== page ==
Gil Bar-Lev 3:51

All over the world? Literally a little bit ago.

 

Andy Splichal 3:53

Okay, cool. So you're you're sourcing from all over the world. Now. I know, probably, you know, five to seven years ago, it was it was a huge thing. When you drop shippers were everywhere, where you just find a drop shipping company, you'd get the products from them, they'd send it out and you'd do the advertising. And a lot of people build very successful, especially Amazon businesses on doing that. Some on their own website, but mostly on Amazon. Have you found that that is still a viable path for somebody who wants to get into business? Or is yours more kind of dealing with companies to supplement their own product line?

 

Gil Bar-Lev 4:38

Totally depends on what your objectives are. Like, how big are you striving to be? And the way I look at that if you're, if you're looking to be a VPC brand and try to build up your your own brand as much as you can buy on Amazon, you can get a very good business by doing that. kind of in some ways are doing very, very nice business on the, on the platform, and they're happy about it. Right. So the accounts that the main factors were the importers that really want to go big and beyond that, they got to see beyond the horizon of Amazon. And the reason why I'm saying it is because Amazon by themselves, even if you include other marketplaces, such as how this is Wayfair, such as even Walmart could be opening it up, and eBay, all these guys combined, or not even accounting for 10% of the market share. If you think about it, everybody putting their efforts on the 10% market share, and everybody's trying to compete with everybody. Now, you can do, as I said, you can have a great business, I'm getting there, I'm not saying not. If you want to go beyond the 10%, you want to explore the horizon. And you want to be even bigger than what you can imagine, the homeless is your way to go. Because we're going beyond and we're going to places that you as the importer or manufacturer, you cannot go, you simply won't be able to transact with those retailers, he will never look fine. Even some of those businesses, you'll never get to them. But those guys combined represent a lot more than 10%. So going back to your going back into your question, it depends. How big do you want to be?

 

Andy Splichal 6:21

Yeah, you know, I loved that answer on the house and the Amazon, the Wayfair are only 10% of the business and you can use your products or sourcing products from whoever you are to focus on the 90%. Now, where are that 90? Where are you know, where is that 90% that.

 

Gil Bar-Lev 6:39

Okay, so still feel a lot of it is still in brick and mortar. And as well as other e commerce companies like what we call like a mix of E retailer with with a multi line retailer, like, I'll give you one example could be Home Depot, if you're below the media, the Macy's, the ask, there's so many other retailers out there, they're also operating ecommerce sites. So our platform, this will give you the access to get to get your products sold by those retailers to their end consumers starting off with their e commerce site, but then within time, in their actual physical stores. And that's majority of war to businesses. Now you have other untapped businesses, which is another very good percentage of the business of the market chair, which is the whole home stagers, interior designers, property management, all those guys combined, it's actually interesting, but they account for 5% of the market. There's just so many of them, right. So if you try on your own, you're never gonna find them. They don't buy their stuff on on Amazon, they buy through elsewhere, some of them buying it through the through homeroots, you actually gonna get access to them.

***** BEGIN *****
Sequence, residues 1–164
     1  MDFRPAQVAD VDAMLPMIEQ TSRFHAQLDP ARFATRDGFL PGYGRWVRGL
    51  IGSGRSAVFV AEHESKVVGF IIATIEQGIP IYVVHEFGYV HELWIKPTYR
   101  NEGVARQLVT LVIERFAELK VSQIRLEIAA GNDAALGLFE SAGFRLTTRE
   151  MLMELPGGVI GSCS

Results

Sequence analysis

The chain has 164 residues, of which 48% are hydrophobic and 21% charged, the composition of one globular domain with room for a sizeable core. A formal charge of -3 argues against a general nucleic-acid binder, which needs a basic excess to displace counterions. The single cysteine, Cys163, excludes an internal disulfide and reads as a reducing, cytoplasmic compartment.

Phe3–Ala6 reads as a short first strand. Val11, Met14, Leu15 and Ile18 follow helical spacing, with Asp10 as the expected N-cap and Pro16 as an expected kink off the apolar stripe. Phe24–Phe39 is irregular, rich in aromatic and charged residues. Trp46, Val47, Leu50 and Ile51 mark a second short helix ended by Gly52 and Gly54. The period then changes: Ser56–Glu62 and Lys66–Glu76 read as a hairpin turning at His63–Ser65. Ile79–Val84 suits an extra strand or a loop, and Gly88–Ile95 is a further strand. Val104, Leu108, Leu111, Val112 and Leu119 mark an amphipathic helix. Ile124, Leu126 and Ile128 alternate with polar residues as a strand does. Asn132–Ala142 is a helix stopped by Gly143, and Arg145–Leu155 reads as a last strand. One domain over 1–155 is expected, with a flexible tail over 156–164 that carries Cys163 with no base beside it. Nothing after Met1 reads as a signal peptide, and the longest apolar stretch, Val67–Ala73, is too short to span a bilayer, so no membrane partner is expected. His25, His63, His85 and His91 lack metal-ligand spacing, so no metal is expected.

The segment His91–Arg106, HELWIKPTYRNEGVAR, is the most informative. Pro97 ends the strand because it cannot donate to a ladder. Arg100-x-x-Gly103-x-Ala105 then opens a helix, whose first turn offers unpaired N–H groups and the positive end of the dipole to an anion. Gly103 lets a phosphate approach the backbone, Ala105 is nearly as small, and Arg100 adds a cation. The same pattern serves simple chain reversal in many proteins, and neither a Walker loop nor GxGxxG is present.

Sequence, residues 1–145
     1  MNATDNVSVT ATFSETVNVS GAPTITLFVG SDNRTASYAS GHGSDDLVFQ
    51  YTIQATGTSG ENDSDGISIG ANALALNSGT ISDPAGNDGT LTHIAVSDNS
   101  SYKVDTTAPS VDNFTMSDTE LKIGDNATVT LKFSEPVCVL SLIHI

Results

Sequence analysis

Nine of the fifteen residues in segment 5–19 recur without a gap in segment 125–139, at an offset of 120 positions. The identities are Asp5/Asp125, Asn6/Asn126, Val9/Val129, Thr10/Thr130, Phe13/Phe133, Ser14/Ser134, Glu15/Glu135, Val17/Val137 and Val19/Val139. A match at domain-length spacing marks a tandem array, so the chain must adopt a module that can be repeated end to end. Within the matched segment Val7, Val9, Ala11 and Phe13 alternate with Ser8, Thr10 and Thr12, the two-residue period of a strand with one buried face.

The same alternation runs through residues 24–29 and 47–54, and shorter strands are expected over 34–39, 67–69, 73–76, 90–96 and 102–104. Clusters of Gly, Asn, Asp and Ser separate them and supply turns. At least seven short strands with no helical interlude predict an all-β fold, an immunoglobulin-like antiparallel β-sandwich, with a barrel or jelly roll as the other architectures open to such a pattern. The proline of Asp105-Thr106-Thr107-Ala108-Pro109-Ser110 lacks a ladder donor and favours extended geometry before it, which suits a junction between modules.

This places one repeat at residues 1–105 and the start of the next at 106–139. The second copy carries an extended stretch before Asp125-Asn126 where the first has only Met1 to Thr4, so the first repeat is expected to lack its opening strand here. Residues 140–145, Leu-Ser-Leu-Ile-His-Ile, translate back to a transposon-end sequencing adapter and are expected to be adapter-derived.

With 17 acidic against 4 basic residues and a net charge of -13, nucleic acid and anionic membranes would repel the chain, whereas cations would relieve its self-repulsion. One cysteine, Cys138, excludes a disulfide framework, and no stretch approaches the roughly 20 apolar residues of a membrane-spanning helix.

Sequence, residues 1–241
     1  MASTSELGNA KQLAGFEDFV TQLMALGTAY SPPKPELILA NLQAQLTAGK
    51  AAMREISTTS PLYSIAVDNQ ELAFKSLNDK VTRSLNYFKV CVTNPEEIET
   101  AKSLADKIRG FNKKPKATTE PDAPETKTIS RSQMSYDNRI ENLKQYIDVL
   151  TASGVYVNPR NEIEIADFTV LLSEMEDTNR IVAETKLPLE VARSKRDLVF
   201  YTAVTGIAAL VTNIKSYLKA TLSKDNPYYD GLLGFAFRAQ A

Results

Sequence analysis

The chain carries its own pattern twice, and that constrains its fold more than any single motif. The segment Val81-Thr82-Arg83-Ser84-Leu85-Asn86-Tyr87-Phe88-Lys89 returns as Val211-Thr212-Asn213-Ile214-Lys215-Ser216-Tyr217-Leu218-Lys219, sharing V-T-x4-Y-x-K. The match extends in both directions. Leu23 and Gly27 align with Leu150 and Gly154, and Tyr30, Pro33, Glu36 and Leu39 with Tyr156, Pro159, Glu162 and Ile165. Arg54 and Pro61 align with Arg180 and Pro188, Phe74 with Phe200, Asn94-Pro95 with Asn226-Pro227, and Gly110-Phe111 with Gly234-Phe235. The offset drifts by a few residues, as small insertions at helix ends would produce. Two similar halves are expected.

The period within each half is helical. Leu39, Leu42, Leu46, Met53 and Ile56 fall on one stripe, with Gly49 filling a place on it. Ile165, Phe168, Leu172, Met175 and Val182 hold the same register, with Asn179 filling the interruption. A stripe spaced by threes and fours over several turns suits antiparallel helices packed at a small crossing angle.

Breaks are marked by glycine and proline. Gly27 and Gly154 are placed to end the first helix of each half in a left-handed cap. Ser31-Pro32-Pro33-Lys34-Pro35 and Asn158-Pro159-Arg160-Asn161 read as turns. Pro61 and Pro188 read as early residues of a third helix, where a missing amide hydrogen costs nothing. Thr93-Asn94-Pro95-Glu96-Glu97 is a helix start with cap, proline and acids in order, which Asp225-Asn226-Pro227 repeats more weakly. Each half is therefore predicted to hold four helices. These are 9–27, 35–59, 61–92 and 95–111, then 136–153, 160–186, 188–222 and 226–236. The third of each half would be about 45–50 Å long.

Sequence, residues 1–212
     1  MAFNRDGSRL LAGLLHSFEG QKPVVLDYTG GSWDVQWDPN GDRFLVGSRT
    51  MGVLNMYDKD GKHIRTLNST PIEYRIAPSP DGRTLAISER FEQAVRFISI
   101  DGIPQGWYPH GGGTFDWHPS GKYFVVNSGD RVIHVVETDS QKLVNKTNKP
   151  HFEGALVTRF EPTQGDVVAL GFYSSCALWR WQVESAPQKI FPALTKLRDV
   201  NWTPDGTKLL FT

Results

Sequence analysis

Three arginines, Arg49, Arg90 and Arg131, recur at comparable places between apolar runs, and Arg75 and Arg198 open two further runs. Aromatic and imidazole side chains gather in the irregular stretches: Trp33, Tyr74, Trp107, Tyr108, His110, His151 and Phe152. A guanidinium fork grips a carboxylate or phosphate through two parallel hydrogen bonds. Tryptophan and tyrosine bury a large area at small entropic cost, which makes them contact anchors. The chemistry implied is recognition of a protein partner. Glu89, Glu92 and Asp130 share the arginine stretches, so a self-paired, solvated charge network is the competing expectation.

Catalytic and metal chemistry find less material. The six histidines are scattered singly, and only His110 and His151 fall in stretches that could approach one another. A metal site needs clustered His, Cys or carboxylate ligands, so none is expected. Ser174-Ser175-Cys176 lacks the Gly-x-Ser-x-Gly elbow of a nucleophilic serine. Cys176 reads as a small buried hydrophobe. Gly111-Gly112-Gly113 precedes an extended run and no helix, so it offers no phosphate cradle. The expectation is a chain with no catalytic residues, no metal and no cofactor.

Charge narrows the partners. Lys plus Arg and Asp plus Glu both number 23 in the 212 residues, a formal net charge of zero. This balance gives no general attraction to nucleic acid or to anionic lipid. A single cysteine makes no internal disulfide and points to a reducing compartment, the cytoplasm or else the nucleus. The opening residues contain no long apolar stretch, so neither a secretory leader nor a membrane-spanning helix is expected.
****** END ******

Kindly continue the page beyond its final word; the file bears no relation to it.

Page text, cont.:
Andy Splichal 8:00

Now, what type of sellers on your platform are having the most success.

 

Gil Bar-Lev 8:09

So it starts with like a little really being attentive to detail, to feeling as much so everything starts with the product setup, the more details that you can provide on the product setup, the more likelihood that that product actually going to sell in the market, because the customers, the end, consumers will feel a lot more comfortable and more confident in shopping for that specific product. Now, this is a general rule, it's not just in homeless, but it is very much applicable for us just because we're spreading that information across the market costs whoever can sell it to the consumer. And so if we see the ones that are investing, the ones that are have actually invested in providing as much detail on product has found better success than others. Other ones that have found success are ones that are actually understanding that they actually understand that they're operating in a wholesale platform, they do not operate or operate in the direct to consumer platform. And therefore the pricing has to be more steep and aggressive to allow the retailer's actually to meet their margins while they're selling the products to the consumer. So it's a combination of price and product information. And if you've got them both together, you're gonna do just great.

 

Andy Splichal 9:30